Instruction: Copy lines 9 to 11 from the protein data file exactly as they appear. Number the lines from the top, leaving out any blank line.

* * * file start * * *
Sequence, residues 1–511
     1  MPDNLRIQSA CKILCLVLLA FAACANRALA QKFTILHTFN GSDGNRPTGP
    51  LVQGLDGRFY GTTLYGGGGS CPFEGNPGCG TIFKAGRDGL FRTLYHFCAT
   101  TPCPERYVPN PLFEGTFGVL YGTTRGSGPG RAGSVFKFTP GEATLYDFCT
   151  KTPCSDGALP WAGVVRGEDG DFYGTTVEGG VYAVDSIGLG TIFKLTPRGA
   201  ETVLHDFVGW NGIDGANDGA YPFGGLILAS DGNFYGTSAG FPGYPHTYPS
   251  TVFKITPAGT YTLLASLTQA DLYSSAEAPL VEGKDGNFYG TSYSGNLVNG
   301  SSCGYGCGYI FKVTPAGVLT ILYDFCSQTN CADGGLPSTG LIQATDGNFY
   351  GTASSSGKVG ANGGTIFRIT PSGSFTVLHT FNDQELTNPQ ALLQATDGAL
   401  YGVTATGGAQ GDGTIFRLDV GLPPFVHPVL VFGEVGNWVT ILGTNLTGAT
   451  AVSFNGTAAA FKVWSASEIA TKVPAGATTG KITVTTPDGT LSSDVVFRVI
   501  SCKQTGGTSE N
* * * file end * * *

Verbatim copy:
   351  GTASSSGKVG ANGGTIFRIT PSGSFTVLHT FNDQELTNPQ ALLQATDGAL
   401  YGVTATGGAQ GDGTIFRLDV GLPPFVHPVL VFGEVGNWVT ILGTNLTGAT
   451  AVSFNGTAAA FKVWSASEIA TKVPAGATTG KITVTTPDGT LSSDVVFRVI